Eugenie Bouchard is craving to be crowned Wimbledon queen
Canadian will only be too happy to receive Venus Rosewater dish as reward for her meteoric rise
Eugenie Bouchard insists she will only be satisfied with her meteoric rise if she is crowned queen of Wimbledon in Saturday's final against former champion Petra Kvitova.
Bouchard's royalty-obsessed mother named the 20-year-old Canadian after the younger daughter of Britain's Prince Andrew, Queen Elizabeth's second son, while her sister is named after Beatrice, Andrew's elder daughter.
Those regal connections have earned Bouchard plenty of inquiries from the UK media during her march to a first grand slam final and the 13th seed would love a royal audience with the Duchess of Kent, who presents the Venus Rosewater dish awarded to the women's singles champion at the All England club.
And if she does lift the trophy, the ice-cool Bouchard may finally let her emotions pour out.
After falling at the semi-final stage of both the Australian and French Opens this year, Bouchard - who is booked to play in the inaugural Prudential Hong Kong Open at Victoria Park in September - could have been forgiven for embarking on a jubilant celebration following her 7-6 (7-5), 6-2 victory over world No 3 Simona Halep in Thursday's last-four clash on Centre Court.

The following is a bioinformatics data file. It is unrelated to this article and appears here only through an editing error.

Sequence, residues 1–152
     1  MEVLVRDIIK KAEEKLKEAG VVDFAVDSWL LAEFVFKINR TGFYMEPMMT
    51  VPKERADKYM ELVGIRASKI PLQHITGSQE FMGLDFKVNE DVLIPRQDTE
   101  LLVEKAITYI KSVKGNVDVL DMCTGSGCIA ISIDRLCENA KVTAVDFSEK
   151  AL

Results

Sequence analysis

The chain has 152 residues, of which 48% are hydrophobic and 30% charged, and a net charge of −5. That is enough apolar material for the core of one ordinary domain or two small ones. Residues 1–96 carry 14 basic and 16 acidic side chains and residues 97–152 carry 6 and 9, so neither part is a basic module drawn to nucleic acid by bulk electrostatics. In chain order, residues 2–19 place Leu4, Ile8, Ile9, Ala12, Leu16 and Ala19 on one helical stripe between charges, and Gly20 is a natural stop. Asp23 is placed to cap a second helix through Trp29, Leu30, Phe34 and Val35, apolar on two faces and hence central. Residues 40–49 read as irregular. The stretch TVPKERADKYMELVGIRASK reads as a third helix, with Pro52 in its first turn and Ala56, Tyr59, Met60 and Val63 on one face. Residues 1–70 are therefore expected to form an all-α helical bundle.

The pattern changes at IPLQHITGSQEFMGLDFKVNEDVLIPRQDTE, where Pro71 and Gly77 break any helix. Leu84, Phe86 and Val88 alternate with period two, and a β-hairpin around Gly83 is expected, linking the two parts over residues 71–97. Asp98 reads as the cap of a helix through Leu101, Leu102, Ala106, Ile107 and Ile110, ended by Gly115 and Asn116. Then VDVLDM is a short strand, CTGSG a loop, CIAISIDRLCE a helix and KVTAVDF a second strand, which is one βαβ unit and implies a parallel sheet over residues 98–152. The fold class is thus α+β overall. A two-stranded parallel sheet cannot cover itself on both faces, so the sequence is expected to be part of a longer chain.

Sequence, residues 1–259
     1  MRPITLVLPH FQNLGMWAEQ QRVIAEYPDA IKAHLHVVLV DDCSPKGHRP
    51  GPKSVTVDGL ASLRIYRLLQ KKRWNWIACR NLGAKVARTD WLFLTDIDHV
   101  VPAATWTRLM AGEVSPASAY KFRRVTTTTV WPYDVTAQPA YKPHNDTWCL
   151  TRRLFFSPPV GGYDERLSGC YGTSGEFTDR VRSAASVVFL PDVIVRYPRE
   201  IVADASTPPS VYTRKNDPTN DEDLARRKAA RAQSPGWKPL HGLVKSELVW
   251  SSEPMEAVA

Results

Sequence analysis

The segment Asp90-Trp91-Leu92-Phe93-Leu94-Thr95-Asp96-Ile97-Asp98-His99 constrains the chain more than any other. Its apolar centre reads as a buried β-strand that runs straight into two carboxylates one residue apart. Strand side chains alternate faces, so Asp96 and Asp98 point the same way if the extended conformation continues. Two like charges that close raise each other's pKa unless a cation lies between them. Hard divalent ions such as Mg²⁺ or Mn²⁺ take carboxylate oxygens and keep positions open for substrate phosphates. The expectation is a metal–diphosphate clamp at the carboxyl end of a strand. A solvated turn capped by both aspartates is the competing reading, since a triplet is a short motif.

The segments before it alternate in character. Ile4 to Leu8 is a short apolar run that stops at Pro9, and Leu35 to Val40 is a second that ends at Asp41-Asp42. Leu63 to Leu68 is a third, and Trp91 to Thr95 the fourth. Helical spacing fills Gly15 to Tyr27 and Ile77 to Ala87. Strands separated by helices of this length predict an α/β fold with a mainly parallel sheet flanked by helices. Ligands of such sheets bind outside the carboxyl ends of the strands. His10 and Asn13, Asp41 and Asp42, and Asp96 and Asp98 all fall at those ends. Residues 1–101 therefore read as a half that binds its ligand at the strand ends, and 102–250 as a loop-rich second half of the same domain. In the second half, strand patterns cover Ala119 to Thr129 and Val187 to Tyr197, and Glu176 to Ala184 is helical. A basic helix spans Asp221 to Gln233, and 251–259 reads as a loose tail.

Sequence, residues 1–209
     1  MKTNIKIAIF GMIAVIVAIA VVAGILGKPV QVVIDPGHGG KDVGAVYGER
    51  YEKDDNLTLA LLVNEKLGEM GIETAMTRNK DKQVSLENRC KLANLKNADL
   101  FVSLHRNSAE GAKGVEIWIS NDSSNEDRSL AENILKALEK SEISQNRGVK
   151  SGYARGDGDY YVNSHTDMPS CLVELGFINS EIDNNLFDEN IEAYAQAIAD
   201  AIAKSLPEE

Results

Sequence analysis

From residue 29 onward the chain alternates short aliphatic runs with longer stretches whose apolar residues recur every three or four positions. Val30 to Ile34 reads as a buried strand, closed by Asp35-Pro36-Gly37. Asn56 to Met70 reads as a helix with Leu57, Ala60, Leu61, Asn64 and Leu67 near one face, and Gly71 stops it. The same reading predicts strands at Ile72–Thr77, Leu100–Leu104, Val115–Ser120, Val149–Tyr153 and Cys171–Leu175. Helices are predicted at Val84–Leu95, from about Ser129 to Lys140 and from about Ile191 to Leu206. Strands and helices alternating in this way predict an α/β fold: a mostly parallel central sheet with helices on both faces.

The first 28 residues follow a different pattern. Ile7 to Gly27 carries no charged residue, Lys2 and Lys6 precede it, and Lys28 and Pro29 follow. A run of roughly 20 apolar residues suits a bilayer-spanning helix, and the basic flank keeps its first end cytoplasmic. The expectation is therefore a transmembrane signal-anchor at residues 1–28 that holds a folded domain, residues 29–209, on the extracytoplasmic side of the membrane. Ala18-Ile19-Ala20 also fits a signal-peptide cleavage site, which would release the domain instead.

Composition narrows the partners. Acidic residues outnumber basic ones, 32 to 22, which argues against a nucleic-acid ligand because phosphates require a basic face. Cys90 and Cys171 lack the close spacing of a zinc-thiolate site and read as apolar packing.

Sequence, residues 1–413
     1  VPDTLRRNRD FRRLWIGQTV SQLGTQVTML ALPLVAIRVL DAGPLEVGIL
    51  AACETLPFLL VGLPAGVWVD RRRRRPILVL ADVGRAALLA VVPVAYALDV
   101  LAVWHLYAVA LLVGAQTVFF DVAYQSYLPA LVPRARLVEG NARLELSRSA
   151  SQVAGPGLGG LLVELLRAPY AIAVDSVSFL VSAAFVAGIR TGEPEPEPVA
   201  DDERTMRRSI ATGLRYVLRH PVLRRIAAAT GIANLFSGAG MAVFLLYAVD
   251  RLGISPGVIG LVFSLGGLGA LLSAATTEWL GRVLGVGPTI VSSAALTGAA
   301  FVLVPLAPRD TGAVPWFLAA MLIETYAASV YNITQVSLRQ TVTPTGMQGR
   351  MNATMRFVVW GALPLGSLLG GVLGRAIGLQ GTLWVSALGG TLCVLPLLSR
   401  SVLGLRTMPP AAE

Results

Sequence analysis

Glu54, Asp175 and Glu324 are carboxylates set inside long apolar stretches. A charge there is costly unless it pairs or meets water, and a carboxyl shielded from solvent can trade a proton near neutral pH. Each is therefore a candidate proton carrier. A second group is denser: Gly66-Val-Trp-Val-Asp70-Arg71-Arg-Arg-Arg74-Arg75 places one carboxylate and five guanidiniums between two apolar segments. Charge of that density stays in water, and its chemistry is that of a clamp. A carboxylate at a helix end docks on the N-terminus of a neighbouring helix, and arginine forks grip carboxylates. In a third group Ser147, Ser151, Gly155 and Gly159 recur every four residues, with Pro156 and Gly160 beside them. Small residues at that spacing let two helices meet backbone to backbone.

But like the royals idolised by her mother, Bouchard carries herself with a serene disposition and when she finally clinched victory on her sixth match point, she only briefly raised her arms and gave a small fist pump.
Bouchard, the junior Wimbledon champion only two years ago, holds herself to high standards and becoming the first Canadian to reach a grand slam final is nothing more than she expected, so she will save any real celebrations for if she wins the title this weekend.
"I'm waiting for a big moment to go nuts," Bouchard said. "Of course, achieving a lifelong dream like winning a slam is very exciting to me. But I feel like my job is not done here.
"There's no need for a huge celebration because I'm still working. I still have another match.
"But it's not a surprise to me. I expect good results like this. So for me, I was like, 'Okay, good'. It's a step in the right direction."
Bouchard's breakthrough performance has recalled memories of Maria Sharapova, who rocked the tennis world by beating Serena Williams in the Wimbledon final at 17 in 2004.
A decade later, the effervescent blonde seems set to inherit Sharapova's mantle as the most marketable player of her generation. Although happy to accept flattering comparisons with the five-time grand slam champion, she prefers to be seen as more than a clone of the Russian.
"I see it as a compliment to be compared to someone like Sharapova who has won five slams," she said. "She's a great champion, so I see it in a positive light.
"But I'm also my own person, I don't want to be the next someone else. I want to be the first of me. I want to be my own individual person. I'll try to make my own history."
In Bouchard's way is sixth seed Kvitova, who is back to her best after a barren period, dismissing compatriot Lucie Safarova 7-6 (8-6), 6-1 in the semi-finals.